States of Grace is without a doubt one of the finest novels I've read in quite a while. Set in Reformation Era Europe, Quinn chronicles the adventures and intrigues surrounding the vampire Saint-Germain and his human lady, Piers-Ariana, a young musician who is both one of his patronages as well as his mistress.

Over the centuries, Saint-Germain has amassed a fortune. He owns several printing companies as well as ships and other properties. But it's one particular press, Eclipse Press from Amsterdam that has directed the local ire of the Inquisition. Saint-Germain has learned over the centuries to be circumspect in his actions. He is generous and compassionate, in order to develop a reputation as a kindly benefactor. The cloak of generosity has worked well for him; however, it is now attracting the wrong people. People who wouldn't hesitate for an instant to out him as a heretic as well as a vampire and confiscate everything he owns, including his lovely Piers-Ariana. Not to mention that whole stake-burning thing.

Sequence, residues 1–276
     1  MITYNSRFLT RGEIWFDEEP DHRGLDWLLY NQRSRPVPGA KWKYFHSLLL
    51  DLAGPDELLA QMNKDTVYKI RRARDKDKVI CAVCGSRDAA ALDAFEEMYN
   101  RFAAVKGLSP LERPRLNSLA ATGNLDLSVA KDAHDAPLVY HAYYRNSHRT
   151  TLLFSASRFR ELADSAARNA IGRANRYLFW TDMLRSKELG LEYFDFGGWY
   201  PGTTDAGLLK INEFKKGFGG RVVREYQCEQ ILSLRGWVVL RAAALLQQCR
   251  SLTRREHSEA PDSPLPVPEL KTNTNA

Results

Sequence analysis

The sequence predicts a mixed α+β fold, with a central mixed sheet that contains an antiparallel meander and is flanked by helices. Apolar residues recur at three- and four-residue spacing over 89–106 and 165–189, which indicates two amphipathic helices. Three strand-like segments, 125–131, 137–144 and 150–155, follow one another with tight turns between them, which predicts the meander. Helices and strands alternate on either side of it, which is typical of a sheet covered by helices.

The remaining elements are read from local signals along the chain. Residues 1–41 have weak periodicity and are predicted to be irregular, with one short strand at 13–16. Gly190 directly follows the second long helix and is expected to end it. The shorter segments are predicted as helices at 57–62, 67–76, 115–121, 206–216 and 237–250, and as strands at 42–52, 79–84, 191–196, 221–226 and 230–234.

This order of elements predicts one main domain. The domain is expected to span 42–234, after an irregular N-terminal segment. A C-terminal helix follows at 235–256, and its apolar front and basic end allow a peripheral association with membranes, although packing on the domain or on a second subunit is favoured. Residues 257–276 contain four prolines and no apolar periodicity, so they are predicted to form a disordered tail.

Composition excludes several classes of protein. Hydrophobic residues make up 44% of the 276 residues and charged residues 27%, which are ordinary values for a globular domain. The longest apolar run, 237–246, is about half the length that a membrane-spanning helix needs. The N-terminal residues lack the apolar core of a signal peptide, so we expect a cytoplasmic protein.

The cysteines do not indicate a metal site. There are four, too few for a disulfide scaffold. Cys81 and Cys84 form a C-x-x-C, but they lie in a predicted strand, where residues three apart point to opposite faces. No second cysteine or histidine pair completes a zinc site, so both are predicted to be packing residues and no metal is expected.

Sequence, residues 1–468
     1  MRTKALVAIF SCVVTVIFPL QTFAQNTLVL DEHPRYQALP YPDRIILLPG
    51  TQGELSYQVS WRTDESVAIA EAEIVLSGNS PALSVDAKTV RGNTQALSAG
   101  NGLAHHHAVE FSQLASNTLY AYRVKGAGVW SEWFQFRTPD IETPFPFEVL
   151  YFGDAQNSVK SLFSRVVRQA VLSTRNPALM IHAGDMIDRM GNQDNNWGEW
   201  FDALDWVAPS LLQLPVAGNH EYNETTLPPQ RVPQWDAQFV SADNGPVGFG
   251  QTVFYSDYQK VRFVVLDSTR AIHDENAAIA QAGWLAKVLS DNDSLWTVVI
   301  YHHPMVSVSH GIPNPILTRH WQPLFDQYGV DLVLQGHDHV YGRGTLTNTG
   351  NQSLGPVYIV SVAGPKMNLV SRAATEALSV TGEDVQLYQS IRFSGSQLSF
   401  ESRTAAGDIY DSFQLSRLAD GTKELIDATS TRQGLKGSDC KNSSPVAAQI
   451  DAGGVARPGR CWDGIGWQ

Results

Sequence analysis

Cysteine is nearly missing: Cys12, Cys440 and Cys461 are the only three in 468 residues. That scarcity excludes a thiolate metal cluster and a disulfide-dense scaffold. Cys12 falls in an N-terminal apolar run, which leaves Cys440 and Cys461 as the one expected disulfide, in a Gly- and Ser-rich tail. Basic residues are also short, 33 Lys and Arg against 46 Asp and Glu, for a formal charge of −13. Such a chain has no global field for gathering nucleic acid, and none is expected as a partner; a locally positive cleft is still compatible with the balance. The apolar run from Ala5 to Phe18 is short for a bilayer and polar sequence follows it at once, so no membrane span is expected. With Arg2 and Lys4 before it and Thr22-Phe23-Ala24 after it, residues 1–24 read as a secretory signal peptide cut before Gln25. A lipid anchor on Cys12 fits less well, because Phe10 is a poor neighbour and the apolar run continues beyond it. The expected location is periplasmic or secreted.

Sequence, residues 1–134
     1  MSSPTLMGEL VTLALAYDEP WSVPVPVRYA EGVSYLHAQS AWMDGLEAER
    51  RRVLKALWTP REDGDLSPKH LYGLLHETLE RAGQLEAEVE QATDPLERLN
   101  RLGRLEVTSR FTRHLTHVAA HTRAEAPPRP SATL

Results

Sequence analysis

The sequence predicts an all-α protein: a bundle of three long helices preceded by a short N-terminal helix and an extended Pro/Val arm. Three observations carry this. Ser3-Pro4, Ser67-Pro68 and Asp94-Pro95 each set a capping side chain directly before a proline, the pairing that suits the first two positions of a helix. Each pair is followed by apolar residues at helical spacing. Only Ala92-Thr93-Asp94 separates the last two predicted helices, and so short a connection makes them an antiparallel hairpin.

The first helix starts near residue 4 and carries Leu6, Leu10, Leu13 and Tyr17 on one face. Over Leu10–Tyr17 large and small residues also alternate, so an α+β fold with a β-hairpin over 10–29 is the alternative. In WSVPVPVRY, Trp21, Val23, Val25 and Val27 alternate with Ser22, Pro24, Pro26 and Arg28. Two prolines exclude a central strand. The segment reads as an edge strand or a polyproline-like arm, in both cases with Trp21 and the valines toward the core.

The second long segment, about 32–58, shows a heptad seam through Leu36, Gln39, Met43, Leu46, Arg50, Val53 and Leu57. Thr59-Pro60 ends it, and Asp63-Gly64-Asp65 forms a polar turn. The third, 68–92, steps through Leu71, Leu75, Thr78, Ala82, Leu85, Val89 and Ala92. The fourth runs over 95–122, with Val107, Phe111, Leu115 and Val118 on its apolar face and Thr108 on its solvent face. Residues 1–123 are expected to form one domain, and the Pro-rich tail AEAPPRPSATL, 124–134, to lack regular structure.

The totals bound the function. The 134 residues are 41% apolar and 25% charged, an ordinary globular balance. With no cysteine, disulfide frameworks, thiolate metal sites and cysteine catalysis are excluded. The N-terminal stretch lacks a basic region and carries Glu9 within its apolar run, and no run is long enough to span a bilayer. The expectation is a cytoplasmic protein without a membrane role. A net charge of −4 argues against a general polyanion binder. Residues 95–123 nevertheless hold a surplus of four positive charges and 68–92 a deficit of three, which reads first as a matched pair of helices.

The plot is far more complex than this, and it's easy to get lost in the intrigue. This is a novel that simply cannot be read in a day or two. It is not an action packed thriller, although the ending will come as a surprise.

States of Grace must be savored slowly, like a high quality wine. It is rich and heady in plot and sensory imagery. Yarbro describes costumes and scenes in rich intricate detail, talks about places that are so vivid you can see them. The reader learns about conspiracies and dramas through a series of letters and other communiqués that add depth to the story. Yarbro makes a great case in making the count a vampire. It is rumored that the real Saint-Germain lived 2000 years. But we all know that's impossible. Right?

There are two minor drawbacks to the book. Yarbro uses some heavily Latinate words that are appropriate for the text but the reader might not know what they are. I advise keeping a dictionary handy just in case. The other drawback is that the novel is set during the Renaissance and Reformation Period. It is a fascinating time but also difficult time period if the reader hasn't had much European history.

Regardless, I absolutely loved this book. It's a great read and I highly recommend it.

Tor Books